Kimo stage circa 1927
Your Cheese Magnet correspondent has lately been spending his time chasing two new puppies around the house, between bouts of trying to get actual work done. I have seen some movies, and will get a review up soon, probably of the Roger Corman “classic” ATTACK OF THE CRAB MONSTERS, which is about giant mutant telepathic crabs which inhabit a Pacific atoll that looks suspiciously like the California coast. In the meantime, here’s a short something about something you all should really know about:
Steve Earle came to town last night, ably assisted by his five person band, the Dukes, in support of his new cd , SO YOU WANNABE AN OUTLAW (which, according to reviews is “an homage to outlaw music and is dedicated to the late Waylon Jennings”) and played before a sold out house in the Kimo, which is probably Albuquerque’s most charming building (I know, low bar). The last, I believe, example of Southwestern Art Deco in the city and probably the last surviving movie palace (the name fits) in that style in the world, it really is an architectural treasure and a great concert venue. I’ve been a fan of his for a long time (he wrote the finest, in my estimation, coal mining song of all time, “The Mountain” which ends with the gut-wenching line “There’s a chill in the air only miners can feel; There’s ghosts in the tunnels that the company sealed.” It has long been an inspiration to me when I’m working on BLACK TRAIN COMING. You can see it here. This was the first opportunity I’ve had to see him live.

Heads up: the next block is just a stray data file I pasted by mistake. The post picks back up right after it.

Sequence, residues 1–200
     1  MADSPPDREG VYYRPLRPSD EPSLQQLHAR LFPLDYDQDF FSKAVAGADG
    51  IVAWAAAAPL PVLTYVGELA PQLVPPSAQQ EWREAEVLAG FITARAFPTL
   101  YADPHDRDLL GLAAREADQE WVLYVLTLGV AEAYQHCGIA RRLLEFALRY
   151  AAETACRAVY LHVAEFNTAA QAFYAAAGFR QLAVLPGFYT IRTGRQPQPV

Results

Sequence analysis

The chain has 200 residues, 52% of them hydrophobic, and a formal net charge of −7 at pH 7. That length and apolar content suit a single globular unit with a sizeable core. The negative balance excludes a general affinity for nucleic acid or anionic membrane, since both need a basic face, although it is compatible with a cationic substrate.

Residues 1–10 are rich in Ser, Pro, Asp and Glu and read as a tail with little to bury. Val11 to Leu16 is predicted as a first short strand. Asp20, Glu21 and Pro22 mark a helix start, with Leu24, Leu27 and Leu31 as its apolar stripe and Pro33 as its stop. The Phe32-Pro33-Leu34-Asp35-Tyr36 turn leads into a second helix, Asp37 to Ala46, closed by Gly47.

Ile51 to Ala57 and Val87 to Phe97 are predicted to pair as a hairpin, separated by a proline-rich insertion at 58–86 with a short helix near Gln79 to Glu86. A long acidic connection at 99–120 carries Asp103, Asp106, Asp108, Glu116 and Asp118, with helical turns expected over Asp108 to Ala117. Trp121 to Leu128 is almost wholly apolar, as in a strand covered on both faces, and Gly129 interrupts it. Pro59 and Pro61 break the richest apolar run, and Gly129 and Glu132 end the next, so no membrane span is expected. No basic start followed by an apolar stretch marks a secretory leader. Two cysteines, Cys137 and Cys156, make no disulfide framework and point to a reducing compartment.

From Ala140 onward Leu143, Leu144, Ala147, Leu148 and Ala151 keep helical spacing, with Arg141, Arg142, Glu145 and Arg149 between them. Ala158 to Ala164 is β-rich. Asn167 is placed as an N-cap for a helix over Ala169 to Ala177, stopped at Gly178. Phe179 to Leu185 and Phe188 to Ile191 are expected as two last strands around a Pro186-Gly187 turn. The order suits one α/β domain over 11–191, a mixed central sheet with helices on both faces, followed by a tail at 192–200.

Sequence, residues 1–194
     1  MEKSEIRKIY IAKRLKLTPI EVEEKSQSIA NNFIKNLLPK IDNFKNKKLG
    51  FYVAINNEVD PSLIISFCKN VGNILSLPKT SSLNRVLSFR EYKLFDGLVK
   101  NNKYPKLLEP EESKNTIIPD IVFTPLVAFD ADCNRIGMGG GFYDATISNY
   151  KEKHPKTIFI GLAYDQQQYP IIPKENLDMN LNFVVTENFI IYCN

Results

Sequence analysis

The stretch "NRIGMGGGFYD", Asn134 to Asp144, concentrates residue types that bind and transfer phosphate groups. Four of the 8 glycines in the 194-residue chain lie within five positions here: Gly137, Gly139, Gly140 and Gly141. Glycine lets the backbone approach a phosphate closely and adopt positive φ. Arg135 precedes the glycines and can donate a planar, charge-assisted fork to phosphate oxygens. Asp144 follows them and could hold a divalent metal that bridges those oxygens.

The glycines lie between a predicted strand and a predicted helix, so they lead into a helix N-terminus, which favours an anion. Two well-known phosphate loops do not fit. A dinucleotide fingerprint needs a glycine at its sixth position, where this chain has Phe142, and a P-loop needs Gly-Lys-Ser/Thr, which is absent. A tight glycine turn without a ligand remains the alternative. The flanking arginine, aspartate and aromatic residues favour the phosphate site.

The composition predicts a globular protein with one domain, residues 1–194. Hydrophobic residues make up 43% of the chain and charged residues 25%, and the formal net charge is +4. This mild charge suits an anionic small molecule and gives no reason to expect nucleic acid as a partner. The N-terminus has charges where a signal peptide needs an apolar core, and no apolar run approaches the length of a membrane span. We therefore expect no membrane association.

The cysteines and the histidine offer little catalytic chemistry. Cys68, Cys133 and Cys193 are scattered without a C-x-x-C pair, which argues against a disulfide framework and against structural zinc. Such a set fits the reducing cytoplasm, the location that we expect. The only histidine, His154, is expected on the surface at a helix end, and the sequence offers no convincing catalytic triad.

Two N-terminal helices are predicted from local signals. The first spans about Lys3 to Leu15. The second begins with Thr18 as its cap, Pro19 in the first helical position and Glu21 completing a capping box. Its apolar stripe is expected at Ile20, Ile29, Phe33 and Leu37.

He and the Dukes played a three hour set of country-tinged rock (as opposed to rock-tinged country, if you know what I mean), traditional and roots style music, with Earle playing electric and acoustic guitar, mandolin, and bouzouki (“If you’re traveling by air,” Earle says, “don’t tell security that you have a bouzouki.”), flavored with his unapologetic political asides and discourse on his own life, which some might describe as turbulent. There were many highlights, including his own “Copperhead Road,” (weirdly, just the night before I had watched Robert Mitchum’s 1958 movie THUNDER ROAD, which tells a similar story), “Hey Joe.,” immortalized by Hendrix in ‘66, with Dukes’ guitarist Chris Masterson playing an incredible electric lead, and “Goodbye Michelangelo,” Earle’s tribute to the late, great Guy Clark (and if you don’t know Guy Clarke, check out this live version of “Dublin Blues”. Clark, who passed away last year after a long battle with lymphoma took a then 19-year old high school dropout Steve Earle under his wing and, as Earle said, “taught him how to write songs.” He ended the three song encore with a deeply personal monolog about, at heart, being a Romantic, and the haunting acoustic song “The Girl on the Mountain.”
Steve Earle and the Dukes will be touring for awhile. As I write this they are on the road to Tucson. If they come to your town do yourself a favor and check them out. He is that true rarity in the arts, a unique voice, and he deserves to be heard.